No school in Italy tomorrow… Grazie Befana!

Italian traditionsItalian children won’t go to school tomorrow and their parents won’t go to work either as the Epifania (Epiphany) is considered a festivity in Italy. It is, in fact, an important day for us as we all are celebrating our Befana. Children are very excited and have put up their calze (socks) so that the Befana will fill them tonight with some sweets and maybe some small presents. Some of them might also find some bigger presents under their socks, but only if they have been very good for mamma e papa’ (mom and dad). There is a bit of concern about the Italian mothers living here in Ireland about it. In fact, tomorrow school-aged children have to attend their classes and their parents have to work… no time for celebrating our Befana tomorrow morning. The majority of them will have had to celebrate it today… at least it is only one day in advance this year! Kevin and I are quite lucky. He’ll be at home tomorrow morning with me as I will be teaching tomorrow evening. Our three calze are here dangling down our mantelpiece and in a short while they will be full! Hopefully they won’t fall down as there are put up only with some thumb tacks. There won’t be any colourful carbone dolce (sweet coal) for Italian children here in Ireland as you can’t find it … In fact, the Befana is supposed to put coal in the socks of naughty children, but, as they are extincted, she uses only the sweet coal (candid), which look so nice.

Learning Italian

For those who don’t know who the Befana is… here is her story…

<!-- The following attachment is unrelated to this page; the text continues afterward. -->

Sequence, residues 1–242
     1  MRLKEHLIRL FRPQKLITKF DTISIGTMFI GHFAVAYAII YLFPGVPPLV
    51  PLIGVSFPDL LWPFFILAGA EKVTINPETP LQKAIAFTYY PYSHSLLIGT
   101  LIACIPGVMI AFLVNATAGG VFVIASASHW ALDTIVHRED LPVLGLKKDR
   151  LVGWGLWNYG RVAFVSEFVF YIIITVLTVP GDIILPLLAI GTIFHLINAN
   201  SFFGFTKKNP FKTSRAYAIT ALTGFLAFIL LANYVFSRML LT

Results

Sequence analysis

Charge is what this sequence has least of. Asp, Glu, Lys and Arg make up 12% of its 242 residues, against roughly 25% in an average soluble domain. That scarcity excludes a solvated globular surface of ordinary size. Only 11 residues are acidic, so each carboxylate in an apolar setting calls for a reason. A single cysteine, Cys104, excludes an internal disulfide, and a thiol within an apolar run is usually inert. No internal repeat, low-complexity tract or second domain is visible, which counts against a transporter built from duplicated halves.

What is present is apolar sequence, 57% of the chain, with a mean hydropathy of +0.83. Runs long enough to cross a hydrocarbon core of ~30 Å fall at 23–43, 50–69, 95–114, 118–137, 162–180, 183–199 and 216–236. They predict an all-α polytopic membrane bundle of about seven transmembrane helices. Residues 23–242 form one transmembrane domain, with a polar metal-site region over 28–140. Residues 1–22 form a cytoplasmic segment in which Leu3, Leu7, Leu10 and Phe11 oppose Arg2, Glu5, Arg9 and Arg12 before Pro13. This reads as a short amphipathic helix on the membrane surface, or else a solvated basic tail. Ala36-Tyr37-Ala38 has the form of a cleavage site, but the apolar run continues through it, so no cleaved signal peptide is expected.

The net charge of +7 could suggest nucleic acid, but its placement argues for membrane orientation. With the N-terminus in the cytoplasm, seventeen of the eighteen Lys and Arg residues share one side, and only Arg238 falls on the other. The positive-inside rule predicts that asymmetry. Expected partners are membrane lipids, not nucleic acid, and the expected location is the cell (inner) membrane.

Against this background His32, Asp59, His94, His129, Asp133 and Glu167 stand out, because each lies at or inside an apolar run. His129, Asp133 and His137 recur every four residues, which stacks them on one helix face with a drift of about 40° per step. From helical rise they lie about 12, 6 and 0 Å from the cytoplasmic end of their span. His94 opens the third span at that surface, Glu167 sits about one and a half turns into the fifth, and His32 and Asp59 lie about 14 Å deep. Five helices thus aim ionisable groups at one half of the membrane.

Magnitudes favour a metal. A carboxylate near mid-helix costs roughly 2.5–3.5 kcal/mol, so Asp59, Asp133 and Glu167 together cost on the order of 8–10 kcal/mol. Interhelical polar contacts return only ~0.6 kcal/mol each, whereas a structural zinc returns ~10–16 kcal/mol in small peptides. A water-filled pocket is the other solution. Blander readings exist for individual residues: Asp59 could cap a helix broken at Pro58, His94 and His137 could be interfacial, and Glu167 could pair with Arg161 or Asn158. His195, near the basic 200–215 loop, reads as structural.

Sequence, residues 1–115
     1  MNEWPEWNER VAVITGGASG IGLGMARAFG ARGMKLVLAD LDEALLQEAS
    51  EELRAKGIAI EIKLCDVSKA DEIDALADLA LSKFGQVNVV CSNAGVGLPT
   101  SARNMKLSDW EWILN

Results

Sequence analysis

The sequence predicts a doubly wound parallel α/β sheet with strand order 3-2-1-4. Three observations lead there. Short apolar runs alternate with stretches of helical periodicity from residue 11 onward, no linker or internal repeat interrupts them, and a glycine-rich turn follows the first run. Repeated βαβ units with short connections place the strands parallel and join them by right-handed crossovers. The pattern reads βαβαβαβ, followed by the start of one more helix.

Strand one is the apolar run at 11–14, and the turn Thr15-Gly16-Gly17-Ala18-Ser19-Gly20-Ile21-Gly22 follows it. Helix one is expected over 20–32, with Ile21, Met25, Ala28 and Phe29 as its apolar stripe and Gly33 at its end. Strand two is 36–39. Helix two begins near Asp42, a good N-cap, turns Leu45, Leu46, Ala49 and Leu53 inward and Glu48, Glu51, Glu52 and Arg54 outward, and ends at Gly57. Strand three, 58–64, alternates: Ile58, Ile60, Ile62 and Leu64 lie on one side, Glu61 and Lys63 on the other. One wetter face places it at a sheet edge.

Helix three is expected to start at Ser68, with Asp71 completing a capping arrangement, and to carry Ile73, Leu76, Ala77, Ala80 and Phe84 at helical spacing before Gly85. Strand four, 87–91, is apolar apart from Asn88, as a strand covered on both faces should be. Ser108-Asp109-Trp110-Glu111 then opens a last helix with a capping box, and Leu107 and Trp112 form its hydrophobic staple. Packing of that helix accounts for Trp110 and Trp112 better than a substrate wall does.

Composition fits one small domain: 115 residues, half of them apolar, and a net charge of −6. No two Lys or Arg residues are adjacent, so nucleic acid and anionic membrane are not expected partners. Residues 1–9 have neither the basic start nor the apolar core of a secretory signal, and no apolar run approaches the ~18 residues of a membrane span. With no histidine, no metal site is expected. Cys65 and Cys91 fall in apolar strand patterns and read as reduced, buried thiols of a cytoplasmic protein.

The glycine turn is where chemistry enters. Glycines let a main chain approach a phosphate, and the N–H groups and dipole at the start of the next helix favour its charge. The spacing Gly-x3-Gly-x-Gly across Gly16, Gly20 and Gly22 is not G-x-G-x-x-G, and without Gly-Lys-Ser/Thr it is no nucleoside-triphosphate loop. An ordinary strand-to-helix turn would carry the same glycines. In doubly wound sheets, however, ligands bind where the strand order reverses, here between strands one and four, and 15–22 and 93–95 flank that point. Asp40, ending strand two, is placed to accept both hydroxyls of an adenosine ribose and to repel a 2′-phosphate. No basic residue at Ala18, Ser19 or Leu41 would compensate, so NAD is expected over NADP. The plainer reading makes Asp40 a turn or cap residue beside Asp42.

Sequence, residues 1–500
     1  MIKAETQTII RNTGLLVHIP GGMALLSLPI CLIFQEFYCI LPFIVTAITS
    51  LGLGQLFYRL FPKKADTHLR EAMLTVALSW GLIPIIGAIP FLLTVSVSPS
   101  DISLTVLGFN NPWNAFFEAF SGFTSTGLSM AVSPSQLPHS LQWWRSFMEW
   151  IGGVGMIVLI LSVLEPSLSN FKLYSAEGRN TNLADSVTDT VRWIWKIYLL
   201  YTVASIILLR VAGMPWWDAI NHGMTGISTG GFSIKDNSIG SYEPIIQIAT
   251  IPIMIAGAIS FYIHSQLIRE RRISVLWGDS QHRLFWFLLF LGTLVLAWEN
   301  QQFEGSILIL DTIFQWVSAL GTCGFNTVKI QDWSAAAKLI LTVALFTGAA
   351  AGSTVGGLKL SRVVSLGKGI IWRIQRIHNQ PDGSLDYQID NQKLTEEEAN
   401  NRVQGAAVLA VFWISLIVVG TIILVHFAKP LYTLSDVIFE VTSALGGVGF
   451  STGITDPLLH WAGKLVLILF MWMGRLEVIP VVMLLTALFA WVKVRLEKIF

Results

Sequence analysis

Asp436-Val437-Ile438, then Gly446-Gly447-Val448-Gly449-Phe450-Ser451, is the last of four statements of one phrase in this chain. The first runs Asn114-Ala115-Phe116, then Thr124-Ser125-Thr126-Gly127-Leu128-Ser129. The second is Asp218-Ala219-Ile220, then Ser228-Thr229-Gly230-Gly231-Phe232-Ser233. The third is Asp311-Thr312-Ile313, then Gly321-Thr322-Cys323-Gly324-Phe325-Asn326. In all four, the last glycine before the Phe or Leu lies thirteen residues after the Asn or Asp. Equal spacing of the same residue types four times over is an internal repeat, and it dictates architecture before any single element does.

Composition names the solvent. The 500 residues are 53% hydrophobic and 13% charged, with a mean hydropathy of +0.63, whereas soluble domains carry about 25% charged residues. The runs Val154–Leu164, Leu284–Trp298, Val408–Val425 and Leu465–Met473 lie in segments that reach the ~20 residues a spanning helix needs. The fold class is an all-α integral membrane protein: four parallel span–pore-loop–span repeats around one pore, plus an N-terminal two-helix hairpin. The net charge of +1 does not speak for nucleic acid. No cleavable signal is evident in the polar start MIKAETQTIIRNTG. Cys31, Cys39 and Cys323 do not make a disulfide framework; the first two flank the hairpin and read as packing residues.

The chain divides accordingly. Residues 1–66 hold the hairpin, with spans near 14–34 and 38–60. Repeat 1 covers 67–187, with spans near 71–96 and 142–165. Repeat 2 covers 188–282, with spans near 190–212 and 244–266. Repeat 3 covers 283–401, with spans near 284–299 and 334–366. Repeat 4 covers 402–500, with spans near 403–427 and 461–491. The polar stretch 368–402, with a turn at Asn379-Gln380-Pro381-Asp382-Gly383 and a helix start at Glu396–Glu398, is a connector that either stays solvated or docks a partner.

She is an old and ugly woman, with a hooked nose and a pointed chin and she is always pictured riding her broom among stars in the night. As she goes down the chimneys to bring sweets to children, she is also covered with soot. Legend says that she gave some food and pointed the right direction to the three wise men during their long journey. They invited her to come along to meet baby Jesus, but, as she had a lot of housework to do, she refused. When they left, she realized that it was very important to offer her greetings to baby Jesus. Therefore, she left her house and she started her journey on her broom, but she got lost! Since then, she is been looking for baby Jesus and going down all the chimneys to leave sweets in the socks which children have left for her hooked on the mantelpieces of their fireplaces. She still hopes that one of them will be baby Jesus! We have a nice and short poem for our Befana: La Befana vien di notte con le scarpe tutte rotte, col vestito alla romana… viva viva la Befana! This means: The Befana comes by night, with her shoes all tattered and torn, she comes dressed in the Roman way long life to the Befana!

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